Import And Export Of Data
Developers can export more projects on the other systems with Github. On the other hand, Gitlab is capable of importing projects from different resources. The import and export can work for files, issues, project uploads, and other features.
Github is a platform that is accessible, free to use, and shares codes publicly. While Gitlab is a version control system that only permits the development teams to collaborate and work on codes.
Github Vs. Gitlab: User Rights
The free version of Gitlab offers numerous free repositories as compared to the free version of Github. Github platform is more restrictive and allows only three developers to work on a private repository. It allows fewer user permissions, and role-based permissions are only possible with a paid enterprise version subscription. On the other hand, Gitlab allows role-based permission management as its core feature.
Software development teams can work well when they have an opportunity to collaborate and code in real-time. That is why the inner source is the best option for software teams to adopt open sources and version control systems for effective collaboration. The team can use inner sources to increase visibility, review codes, strengthen collaboration, and work together on projects.
Github doesn’t allow the developers to implement the process of open-source culture within an organization. On the other hand, Gitlab allows you to promote the inner sourcing of your internal repositories.
Both Github and Gitlab have different ways of handling permissions. With Github, you can decide who gets access to read or write on the repository. The developers have the authority to grant access to users.
With Gitlab, you have the authority to decide who gets to access the repository and who does not. Also, it gives you an option to restrict the people’s access as per their roles and positions based in the company. So, you will find different levels of access in Gitlab.
With Github, you get a comprehensive comment tracking function. It offers complete support to track the history of updated comments. You can view, edit, add, or remove any comments containing sensitive details. Gitlab does not offer this feature.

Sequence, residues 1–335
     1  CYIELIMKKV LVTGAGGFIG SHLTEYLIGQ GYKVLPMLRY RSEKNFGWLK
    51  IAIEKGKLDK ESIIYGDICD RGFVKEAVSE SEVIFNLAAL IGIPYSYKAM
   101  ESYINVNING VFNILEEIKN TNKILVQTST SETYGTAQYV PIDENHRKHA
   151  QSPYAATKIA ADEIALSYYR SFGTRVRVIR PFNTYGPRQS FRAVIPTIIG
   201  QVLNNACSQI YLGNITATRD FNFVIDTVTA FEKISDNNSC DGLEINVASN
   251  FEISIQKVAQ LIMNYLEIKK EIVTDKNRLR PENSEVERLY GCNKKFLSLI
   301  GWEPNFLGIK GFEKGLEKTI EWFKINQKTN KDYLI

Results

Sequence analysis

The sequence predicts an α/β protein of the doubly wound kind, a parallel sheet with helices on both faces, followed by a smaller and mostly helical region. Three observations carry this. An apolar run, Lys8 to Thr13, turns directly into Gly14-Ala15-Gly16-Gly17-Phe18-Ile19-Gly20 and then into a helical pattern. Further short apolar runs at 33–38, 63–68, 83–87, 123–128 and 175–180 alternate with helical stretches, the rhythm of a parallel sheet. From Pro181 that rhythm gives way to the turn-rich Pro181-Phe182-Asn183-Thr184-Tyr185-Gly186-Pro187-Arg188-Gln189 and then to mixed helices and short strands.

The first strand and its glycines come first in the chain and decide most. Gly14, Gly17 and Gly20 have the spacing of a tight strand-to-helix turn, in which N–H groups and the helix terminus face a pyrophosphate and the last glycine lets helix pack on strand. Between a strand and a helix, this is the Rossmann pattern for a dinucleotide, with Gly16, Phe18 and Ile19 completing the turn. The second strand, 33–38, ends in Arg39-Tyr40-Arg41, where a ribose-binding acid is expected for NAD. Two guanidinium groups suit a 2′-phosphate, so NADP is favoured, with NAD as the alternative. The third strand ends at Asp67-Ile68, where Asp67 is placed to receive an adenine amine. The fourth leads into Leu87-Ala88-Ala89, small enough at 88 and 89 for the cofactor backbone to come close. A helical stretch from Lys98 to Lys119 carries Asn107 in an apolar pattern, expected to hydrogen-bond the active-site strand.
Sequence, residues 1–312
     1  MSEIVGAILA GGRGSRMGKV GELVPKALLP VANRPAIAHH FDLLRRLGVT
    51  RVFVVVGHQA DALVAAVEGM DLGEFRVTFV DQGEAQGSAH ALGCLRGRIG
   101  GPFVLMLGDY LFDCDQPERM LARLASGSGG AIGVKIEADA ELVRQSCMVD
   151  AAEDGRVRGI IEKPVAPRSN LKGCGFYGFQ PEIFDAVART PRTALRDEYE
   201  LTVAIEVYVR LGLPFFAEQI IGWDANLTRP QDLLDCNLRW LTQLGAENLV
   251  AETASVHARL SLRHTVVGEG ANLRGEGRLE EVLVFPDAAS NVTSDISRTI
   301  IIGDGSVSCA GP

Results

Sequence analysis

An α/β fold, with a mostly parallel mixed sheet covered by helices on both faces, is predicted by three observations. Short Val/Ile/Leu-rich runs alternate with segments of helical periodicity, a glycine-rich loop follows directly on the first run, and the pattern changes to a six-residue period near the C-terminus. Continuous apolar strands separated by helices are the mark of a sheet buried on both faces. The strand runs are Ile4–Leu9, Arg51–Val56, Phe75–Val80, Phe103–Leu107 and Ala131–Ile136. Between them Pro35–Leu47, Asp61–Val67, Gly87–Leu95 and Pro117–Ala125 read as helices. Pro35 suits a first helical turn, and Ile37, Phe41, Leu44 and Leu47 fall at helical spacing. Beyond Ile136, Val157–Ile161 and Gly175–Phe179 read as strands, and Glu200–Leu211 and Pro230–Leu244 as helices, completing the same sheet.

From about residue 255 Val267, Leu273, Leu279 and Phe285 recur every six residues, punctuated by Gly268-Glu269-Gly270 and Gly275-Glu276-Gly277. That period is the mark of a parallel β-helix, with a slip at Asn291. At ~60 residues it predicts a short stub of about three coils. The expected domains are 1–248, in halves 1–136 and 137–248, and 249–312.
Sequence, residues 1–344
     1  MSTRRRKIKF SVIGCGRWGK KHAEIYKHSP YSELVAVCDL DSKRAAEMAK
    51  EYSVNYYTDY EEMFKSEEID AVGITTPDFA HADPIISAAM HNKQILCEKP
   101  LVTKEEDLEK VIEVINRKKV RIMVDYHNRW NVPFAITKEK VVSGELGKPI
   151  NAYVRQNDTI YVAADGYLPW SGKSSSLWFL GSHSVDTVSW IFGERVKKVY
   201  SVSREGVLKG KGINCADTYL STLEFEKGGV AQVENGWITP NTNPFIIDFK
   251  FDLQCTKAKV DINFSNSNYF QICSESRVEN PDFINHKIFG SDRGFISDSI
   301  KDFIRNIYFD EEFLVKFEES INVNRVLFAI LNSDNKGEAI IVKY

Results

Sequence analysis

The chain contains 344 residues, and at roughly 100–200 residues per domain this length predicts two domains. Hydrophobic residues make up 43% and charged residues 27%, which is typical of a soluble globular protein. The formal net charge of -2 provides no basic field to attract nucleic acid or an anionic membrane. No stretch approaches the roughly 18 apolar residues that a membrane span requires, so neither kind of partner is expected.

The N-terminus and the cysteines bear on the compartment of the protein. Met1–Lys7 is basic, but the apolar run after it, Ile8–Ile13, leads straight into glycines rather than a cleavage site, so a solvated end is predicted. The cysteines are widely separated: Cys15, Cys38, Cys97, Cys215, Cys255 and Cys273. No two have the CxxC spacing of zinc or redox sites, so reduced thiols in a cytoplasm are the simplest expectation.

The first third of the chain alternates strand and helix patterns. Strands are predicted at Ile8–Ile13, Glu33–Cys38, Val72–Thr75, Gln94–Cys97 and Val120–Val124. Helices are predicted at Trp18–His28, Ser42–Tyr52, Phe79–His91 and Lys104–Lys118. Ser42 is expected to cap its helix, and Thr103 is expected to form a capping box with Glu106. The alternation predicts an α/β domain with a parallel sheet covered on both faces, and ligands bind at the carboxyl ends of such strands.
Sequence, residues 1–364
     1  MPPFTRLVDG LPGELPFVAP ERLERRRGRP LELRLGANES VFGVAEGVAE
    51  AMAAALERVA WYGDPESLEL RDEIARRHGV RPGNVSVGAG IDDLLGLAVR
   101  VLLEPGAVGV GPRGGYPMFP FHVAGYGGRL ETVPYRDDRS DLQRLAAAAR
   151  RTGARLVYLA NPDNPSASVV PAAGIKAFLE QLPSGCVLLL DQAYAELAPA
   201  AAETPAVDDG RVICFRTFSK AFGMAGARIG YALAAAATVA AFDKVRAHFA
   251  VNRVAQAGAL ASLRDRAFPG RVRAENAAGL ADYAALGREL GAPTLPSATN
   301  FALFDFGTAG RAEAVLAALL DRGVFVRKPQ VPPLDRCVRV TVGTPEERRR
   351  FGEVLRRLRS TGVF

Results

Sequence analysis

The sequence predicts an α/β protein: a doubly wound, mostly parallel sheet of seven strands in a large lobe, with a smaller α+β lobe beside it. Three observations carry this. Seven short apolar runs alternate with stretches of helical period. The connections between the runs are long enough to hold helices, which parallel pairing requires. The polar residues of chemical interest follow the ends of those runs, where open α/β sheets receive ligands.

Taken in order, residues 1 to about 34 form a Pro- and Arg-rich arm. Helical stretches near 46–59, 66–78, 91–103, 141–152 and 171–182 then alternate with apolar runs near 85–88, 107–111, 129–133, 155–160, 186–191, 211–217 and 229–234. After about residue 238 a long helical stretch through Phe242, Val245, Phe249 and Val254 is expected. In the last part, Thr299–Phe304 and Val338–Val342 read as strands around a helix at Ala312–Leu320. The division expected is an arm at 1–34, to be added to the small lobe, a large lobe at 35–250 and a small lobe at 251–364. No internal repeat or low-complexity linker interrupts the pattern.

The features of the Github and Gitlab version control systems are identical and shared. Still, their workflow is not even close to each other. Github emphasizes work speed and focuses on a fast development approach to merge the new branch versions. You can quickly view the previous changes and the current status of the project. Also, the files are ready for deployment when needed.
In Gitlab workflow, the emphasis is on reliability. It adds multiple branches at different stages, such as pre-production, production, and release. That means a process with multiple steps is not workable for a single code review. Developers can work on the codes freely without worrying about minute code changes. However, its process slows down whenever a new feature is added to the production.
With Gitlab, you can create milestones to keep track of problems and their solutions. It also aids in setting up due dates for different tasks and helps you accomplish a target in a specific time. Github does not have this feature.
Gitlab has a more streamlined deployment function with its in-built service integration. It offers unified code deployment experiences for a single app with Kubernetes. On the other hand, Github does not offer a deployment framework as it relies on third-party platforms. It deploys applications with the help of third-party vendors like Heroku.
Cloud-based repositories such as Github and Gitlab have become essential for developers in the current age. Software development organizations and developers use these tools to collaborate on projects and ensure that every source code is reviewed and monitored carefully. The difference between Github and Gitlab provides developers a choice to pick the platform that works best for them.
Github is focused on higher availability, and issues can be tracked on multiple repositories. Github is the first choice for larger teams as it delivers excellent collaboration and produces codes faster. While Gitlab has more emphasis on the features and allows you to deploy code without having to use third-party platforms. It has an integrative system for the users. Also, when it comes to DevOps lifecycle, Gitlab tops the rank.
For more insights, familiarize yourself with both version control systems and then decide what works best for you!
Note: This article first appeared at: Github Vs. Gitlab: Key Differences Between The Two Version Control Systems